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Palm Springs 2013: Award Winners, Plus 'Unfinished Song,' Denmark's 'A Hijacking' and 'This Life,' Alan Cumming in Conversation

Thompson on Hollywood By Sophia Savage | Thompson on Hollywood January 14, 2013 at 10:20PM

The 24th Palm Springs Film Festival closed Sunday after 182 films from some 68 countries played for an audience of local enthusiasts and out-of-towners with an appetite for the best in foreign and domestic cinema.
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This Life
'This Life'

The 24th Palm Springs Film Festival closed Sunday after 182 films from some 68 countries played for an audience of local enthusiasts and out-of-towners with an appetite for the best in foreign and domestic cinema.

The festival lined up an impressive 41 foreign films including Spanish Oscar submission "Blancanieves" (winner of PSIFF's Cine Latino award), "Rust and Bone," "The Hunt," "The Intouchables" and many others.

Big winners at the festival include "The Cleaner" from Peru, Israel's "Fill the Void," Australia's fest favorite "The Sapphires," the actors of "Caesar Must Die" and "Our Children"'s Emile Dequenne. The complete list of winners is below.

"Unfinished Song"
TWC "Unfinished Song"

During the festival's final weekend I caught a few titles, among them Anne-Grethe Bjarup Riis' "This Life - Some Must Die So Others Can Live," Tobias Lindholm's riveting "A Hijacking" and Paul Andrew Williams' bittersweet "Unfinished Song," a strong closing night selection with pitch-perfect performances from Terence Stamp, Vanessa Redgrave, Gemma Arterton and Christopher Eccleston.

Introducing the film, Stamp revealed that he always regretted turning down the role of King Arthur in 1967's "Camelot" opposite Vanessa Redgrave's Guenevere (a role that went to Richard Harris). When "Unfinished Song" was brought to him the universe was offering him a second chance to both star with Redgrave, as well as to sing. We can all be thankful he took the chance. He and Redgrave present a beautifully nuanced relationship and Arterton shines as the cheery and cheeky leader of the elderly musical choir around which the film is set.

A Highjacking
'A Hijacking'

"Unfinished Song," marking its US Premiere, didn't leave a dry eye in the house, nor did Riis' "This Life," about Danish citizens--the Hvidsten group--who resist the German occupation of their country in 1940 by hiding supplies dropped by the British military. As Riis' directorial debut, the drama is absorbing and heart-wrenching, placing audiences inside the close knit community that chooses to take an enormous risk because of how deeply they believe their lives are worth fighting for. A hit in Denmark and a worthy entry into any lover of the country's cinema.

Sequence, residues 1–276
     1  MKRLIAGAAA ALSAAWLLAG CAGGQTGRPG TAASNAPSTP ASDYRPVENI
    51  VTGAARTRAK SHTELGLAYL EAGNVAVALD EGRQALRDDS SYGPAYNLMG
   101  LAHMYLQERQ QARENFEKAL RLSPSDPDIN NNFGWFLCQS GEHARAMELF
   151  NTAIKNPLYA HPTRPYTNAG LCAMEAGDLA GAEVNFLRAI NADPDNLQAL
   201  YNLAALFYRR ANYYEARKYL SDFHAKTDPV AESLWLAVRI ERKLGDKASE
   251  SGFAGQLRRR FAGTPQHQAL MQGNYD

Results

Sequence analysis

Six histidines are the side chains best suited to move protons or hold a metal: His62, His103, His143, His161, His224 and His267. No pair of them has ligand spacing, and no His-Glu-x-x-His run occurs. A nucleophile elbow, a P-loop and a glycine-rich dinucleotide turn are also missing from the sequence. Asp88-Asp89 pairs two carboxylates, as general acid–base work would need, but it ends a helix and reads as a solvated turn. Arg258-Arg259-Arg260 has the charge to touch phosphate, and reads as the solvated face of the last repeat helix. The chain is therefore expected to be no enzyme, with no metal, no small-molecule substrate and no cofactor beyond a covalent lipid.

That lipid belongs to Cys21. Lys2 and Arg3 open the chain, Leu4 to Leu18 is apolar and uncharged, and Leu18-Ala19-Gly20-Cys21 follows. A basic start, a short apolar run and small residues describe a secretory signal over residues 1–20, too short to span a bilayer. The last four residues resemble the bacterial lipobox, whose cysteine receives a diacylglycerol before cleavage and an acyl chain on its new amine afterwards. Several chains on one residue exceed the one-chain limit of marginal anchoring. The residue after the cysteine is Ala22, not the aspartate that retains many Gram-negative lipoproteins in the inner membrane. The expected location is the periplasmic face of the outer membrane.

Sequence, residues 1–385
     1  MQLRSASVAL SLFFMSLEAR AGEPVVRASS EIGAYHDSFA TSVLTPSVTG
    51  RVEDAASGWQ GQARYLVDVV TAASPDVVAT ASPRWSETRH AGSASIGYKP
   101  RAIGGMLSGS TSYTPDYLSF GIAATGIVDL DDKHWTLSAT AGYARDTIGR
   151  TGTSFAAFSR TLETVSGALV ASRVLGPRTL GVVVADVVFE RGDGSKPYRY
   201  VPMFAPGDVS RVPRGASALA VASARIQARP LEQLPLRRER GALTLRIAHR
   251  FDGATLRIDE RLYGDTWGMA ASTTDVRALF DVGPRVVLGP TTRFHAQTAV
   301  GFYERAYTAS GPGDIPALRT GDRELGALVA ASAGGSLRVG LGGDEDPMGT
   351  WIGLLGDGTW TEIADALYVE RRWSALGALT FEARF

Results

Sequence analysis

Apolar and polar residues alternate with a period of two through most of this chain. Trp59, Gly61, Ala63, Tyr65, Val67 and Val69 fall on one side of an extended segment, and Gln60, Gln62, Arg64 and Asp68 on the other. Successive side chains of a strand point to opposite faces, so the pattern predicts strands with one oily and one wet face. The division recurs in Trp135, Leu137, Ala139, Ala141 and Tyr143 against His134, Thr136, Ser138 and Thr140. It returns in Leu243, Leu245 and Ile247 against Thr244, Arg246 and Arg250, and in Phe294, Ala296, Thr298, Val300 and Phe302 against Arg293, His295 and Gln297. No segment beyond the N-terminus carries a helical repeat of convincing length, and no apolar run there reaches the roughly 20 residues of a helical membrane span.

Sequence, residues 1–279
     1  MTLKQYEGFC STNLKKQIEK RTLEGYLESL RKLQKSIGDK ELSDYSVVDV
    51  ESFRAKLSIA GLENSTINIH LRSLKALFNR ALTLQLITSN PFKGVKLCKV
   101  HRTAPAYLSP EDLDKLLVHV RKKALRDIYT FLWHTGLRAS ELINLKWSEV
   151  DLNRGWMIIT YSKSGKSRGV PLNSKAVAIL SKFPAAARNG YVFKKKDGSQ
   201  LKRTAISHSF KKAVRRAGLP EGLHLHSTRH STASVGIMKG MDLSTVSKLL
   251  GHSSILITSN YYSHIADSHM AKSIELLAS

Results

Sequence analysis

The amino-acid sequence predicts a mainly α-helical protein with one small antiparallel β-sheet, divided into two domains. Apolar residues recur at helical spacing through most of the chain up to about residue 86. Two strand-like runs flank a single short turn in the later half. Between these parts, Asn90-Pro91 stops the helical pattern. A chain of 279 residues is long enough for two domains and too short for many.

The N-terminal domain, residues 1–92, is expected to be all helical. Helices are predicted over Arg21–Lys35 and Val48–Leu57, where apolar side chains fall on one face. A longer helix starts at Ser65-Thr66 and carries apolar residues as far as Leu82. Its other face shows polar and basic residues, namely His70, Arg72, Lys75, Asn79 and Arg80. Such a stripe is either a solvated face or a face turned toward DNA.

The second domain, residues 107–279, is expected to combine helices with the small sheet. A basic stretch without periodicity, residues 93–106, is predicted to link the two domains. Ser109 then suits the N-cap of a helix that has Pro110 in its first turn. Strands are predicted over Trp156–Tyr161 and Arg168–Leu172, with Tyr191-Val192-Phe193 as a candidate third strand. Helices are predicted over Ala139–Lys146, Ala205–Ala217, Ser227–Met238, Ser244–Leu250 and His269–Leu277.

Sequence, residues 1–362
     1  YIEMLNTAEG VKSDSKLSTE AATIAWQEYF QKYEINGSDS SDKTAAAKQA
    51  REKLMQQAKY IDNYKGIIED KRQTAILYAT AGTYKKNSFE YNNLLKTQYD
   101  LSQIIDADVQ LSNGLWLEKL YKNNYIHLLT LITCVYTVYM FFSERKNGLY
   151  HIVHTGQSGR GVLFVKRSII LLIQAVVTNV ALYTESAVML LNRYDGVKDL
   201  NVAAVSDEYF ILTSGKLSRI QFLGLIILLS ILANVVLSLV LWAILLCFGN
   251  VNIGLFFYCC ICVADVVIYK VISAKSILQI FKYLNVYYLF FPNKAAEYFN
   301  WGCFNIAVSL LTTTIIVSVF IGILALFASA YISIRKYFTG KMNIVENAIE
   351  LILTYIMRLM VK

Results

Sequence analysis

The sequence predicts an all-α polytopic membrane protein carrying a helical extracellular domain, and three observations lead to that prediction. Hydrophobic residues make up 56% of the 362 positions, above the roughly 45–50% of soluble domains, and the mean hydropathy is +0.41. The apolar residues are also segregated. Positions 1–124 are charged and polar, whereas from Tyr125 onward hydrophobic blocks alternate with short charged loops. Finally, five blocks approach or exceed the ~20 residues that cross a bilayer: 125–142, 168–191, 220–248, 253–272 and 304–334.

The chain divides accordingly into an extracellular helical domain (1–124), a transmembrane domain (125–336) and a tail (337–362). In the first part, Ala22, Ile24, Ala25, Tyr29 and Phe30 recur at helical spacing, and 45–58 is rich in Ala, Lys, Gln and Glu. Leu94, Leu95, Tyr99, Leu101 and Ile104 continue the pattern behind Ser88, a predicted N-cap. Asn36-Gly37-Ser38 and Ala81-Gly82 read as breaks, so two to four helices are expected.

And speaking of Danish cinema, what a gift Lindholm is proving to be. As the screenwriter of both "The Hunt" and "A Hijacking" (both at Palm Springs) as well as the director of the latter, he is having a great year along with his native country--their "A Royal Affair" (also at the festival) has landed one of the five slots to compete for the Best Foreign Language Oscar. "A Hijacking" is expertly crafted, telling the story of a cargo ship that is taken hostage by Somali pirates while focusing on both the CEO that leads the negotiations to recover the ship his employees and the cook that struggles onboard. Magnolia is set to release "A Hijacking" this year. The film also played at Venice and Toronto, and won the Golden Alexander at Thessaloniki and the New Auteurs Audience Award at AFI Fest.

Palm Springs was treated to a conversation with Alan Cumming following a screening of his film "Any Day Now," from director Travis Fine. The audience adored the film as well as Cumming's sharp charm and sense of humor. He talked about his early stage career, his refuge from the spotlight (writing), performing "Macbeth" as a one man show, and about being an outspoken gay figure. Asked about whether that had ever hurt his career, he confirmed quite the opposite: "If anything it's been positive for me." He does, however, wish people would stop talking about it. Being gay is "more of a big deal because we make it a big deal," he says, adding that "we keep it alive by over-analyzing it" in the media. But that didn't stop him from talking about "the gayest night in the history of the world," during which he and Liza Minnelli performed together on Fire Island (something he'll be going again soon), or from playing the role of a drag queen in "Any Day Now" who, along with his partner, fights for custody rights to protect a boy with downs syndrome. He says he's fed up but understands why these battles are still being fough: "Society at large isn't mandating that people treat each other equally, so how can you make individuals do so?"

Here's more of our coverage from Palm Springs 2013: "Beyond the Hills," "Sister," "War Witch," Award Honorees.

The complete list of award winners and trailers are below:

This article is related to: Palm Springs International Film Festival , Festivals, Festivals, Reviews, A Hijacking, Any Day Now, Unfinished Song


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Thompson on Hollywood

Born and raised in Manhattan, Anne Thompson grew up going to the Thalia and The New Yorker and wound up at grad Cinema Studies at NYU. She worked at United Artists and Film Comment before heading west as that magazine's west coast editor. She wrote for the LA Weekly, Sight and Sound, Empire, The New York Times and Entertainment Weekly before serving as West Coast Editor of Premiere. She wrote for The Washington Post, The London Observer, Wired, More, and Vanity Fair, and did staff stints at The Hollywood Reporter and Variety. She eventually took her blog Thompson on Hollywood to Indiewire. She taught film criticism at USC Critical Studies, and continues to host the fall semester of “Sneak Previews” for UCLA Extension.